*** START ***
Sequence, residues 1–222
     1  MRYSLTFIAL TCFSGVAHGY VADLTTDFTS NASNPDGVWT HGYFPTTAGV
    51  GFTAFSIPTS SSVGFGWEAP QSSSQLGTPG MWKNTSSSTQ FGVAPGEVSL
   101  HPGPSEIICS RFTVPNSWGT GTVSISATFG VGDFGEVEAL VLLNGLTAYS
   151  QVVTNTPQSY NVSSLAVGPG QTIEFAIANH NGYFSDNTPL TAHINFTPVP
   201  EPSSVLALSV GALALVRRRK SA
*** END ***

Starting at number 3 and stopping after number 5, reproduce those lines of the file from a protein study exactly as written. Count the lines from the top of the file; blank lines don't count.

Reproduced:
    51  GFTAFSIPTS SSVGFGWEAP QSSSQLGTPG MWKNTSSSTQ FGVAPGEVSL
   101  HPGPSEIICS RFTVPNSWGT GTVSISATFG VGDFGEVEAL VLLNGLTAYS
   151  QVVTNTPQSY NVSSLAVGPG QTIEFAIANH NGYFSDNTPL TAHINFTPVP